A qualification should ideally provide learners with manifestations of all the critical cross- field outcomes. How this is achieved within the qualification needs to be explained (in other words, it is insufficient to merely tick off the outcomes). Should it be inappropriate for the qualification to cover certain critical

outcomes, a motivation to this effect should be provided.

Learning assumed to be in place

This is a statement that captures the learning base required for learning or achievement within the parameters of the particular qualification being reg- istered.

Often confused with prerequisites, ‘learning assumed to be in place’ is not meant to fulfil a ‘gate-keeping’ function with regard to programs. Rather it is a mechanism for transparency – allowing learners to know what knowl- edge, skills and attitudes are reasonably assumed to be in place prior to their embarking on learning programs against particular qualifications. Nothing in this category precludes the recognition of prior learning.

Integrated assessment

At qualification level, integrated assessment criteria relate to the demon- stration of achievement of the qualification.

This is a set of statements that provide the guidelines for developing particular assessment tasks, at learning, programme or services level. The guidelines must allow assessors to develop formative and summative meth- ods related to credentialling purposes appropriate to contextual and situa- tional readings of candidates presenting themselves for the recognition of learning achievements. In addition, the criteria should allow for a range of assessment methods being used in assessing achievement in the learning programs.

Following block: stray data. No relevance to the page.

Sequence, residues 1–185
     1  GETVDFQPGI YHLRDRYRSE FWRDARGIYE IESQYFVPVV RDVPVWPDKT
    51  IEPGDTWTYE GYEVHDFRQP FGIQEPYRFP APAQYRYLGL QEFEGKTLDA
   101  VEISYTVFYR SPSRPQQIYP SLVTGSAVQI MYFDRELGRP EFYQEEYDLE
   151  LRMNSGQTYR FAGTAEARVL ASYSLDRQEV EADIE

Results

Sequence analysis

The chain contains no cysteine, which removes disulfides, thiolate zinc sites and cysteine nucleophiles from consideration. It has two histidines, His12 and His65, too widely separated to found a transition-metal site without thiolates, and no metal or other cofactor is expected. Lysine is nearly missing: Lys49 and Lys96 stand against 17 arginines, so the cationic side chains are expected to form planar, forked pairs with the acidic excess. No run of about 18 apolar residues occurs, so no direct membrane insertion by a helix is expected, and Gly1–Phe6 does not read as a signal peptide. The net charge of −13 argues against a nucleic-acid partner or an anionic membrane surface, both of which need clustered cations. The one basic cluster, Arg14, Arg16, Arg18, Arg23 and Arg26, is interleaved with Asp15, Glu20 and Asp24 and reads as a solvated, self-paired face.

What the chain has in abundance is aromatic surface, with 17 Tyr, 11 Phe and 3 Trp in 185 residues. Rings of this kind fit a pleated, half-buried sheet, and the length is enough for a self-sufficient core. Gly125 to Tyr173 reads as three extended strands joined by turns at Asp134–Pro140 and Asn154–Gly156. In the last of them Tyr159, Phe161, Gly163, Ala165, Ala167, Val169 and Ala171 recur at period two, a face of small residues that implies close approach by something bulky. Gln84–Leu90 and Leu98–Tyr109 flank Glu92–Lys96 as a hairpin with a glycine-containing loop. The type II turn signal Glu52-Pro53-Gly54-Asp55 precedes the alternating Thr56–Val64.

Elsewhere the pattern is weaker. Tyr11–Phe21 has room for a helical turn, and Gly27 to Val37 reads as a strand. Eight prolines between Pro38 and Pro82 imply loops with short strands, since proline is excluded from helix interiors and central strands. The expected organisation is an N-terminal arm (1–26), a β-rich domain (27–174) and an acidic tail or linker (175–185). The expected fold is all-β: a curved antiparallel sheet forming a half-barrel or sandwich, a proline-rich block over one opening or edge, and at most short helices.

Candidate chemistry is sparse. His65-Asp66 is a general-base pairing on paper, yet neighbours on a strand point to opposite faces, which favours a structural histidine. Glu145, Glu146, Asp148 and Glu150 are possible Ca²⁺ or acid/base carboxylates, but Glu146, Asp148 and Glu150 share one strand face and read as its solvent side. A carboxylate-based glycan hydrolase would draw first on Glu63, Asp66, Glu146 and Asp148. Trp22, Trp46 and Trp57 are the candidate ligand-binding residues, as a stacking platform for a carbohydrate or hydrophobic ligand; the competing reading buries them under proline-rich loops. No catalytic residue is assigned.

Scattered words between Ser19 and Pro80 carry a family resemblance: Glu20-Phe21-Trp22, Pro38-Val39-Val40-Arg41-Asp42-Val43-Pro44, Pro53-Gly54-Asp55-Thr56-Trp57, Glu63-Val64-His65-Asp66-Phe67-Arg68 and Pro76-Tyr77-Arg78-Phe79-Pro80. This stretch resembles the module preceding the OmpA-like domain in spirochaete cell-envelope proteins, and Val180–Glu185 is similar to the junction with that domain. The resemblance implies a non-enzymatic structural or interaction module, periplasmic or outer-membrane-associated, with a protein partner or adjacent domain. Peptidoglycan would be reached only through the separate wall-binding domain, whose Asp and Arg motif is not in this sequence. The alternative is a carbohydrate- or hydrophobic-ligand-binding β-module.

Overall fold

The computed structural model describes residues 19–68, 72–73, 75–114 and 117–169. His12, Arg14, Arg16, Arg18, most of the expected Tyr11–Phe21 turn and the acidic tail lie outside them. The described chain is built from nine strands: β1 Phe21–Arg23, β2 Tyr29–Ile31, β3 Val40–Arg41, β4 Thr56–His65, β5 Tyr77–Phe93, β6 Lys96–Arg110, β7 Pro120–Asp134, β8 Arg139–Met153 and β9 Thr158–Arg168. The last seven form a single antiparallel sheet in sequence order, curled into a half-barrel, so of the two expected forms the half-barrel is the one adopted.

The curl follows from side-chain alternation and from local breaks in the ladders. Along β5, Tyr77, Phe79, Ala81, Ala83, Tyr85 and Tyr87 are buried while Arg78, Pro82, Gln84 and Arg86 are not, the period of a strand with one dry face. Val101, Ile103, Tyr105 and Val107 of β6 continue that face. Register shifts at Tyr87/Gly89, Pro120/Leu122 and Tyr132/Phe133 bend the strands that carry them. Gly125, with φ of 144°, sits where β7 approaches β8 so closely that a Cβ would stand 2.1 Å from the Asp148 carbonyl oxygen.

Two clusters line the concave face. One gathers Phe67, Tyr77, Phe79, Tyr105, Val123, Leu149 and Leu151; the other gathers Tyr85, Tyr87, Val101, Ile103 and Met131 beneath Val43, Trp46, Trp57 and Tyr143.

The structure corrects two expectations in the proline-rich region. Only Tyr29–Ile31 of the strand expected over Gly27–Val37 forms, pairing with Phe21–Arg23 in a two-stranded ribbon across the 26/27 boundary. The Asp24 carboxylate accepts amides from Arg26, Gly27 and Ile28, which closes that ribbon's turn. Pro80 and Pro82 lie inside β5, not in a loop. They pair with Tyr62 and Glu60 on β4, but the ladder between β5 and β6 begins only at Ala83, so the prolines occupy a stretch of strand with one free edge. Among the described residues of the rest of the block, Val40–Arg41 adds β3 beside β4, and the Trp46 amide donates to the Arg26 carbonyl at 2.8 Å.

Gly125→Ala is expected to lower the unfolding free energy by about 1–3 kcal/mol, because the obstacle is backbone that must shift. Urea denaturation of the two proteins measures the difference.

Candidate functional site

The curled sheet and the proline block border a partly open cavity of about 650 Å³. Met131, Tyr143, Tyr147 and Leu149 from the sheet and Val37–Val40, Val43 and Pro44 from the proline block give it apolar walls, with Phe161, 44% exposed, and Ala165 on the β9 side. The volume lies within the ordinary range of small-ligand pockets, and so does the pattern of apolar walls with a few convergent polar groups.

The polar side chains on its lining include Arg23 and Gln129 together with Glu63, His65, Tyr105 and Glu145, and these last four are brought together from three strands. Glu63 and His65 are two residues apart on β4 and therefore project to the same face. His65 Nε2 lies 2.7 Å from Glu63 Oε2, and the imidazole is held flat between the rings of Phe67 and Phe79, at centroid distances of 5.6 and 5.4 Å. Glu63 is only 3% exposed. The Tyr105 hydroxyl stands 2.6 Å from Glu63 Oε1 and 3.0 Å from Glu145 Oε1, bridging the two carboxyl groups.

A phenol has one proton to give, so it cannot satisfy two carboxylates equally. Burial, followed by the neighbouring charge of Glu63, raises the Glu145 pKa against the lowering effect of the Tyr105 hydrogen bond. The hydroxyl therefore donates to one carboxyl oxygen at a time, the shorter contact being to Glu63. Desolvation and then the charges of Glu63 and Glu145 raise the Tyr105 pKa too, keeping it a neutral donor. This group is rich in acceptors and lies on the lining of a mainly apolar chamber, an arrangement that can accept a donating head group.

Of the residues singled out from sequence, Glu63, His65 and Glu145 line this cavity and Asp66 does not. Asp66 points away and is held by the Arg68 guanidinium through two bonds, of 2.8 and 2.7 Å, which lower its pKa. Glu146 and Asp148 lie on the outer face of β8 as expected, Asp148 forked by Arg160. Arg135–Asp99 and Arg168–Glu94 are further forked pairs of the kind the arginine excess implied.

• The criteria must capture the requirements for fair, valid and reliable

assessment procedures that make use of tools and methods appropriate to the organising field, sub-field, level, and qualification being registered.

  • The assessment criteria should allow the candidate to reflect achieve-

ment through the use of integrative assessment methods and criteria which ensure that both the purpose and the achievement of the qualifi- cation are able to be met across a range of contexts and circumstances, reflectively and repetitively.

  • Specific and particular statements of the assessment criteria should be

transparent and ensure ease of understanding across a range of learning providers, learning services and learners.

Criteria for the registration of assessors

This category will additionally contain criteria for the registration of inter- nal and external assessors in the sub-field.

Moderation options

These will include the recommendation of moderation mechanisms, as well as of a moderating body or bodies. Such mechanisms and bodies must meet

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the requirements for transparency, affordability and development of the field, sub-field and framework. NSBs and SAQA will have to ensure coher- ence and the avoidance of duplication across moderation criteria, bodies and mechanisms.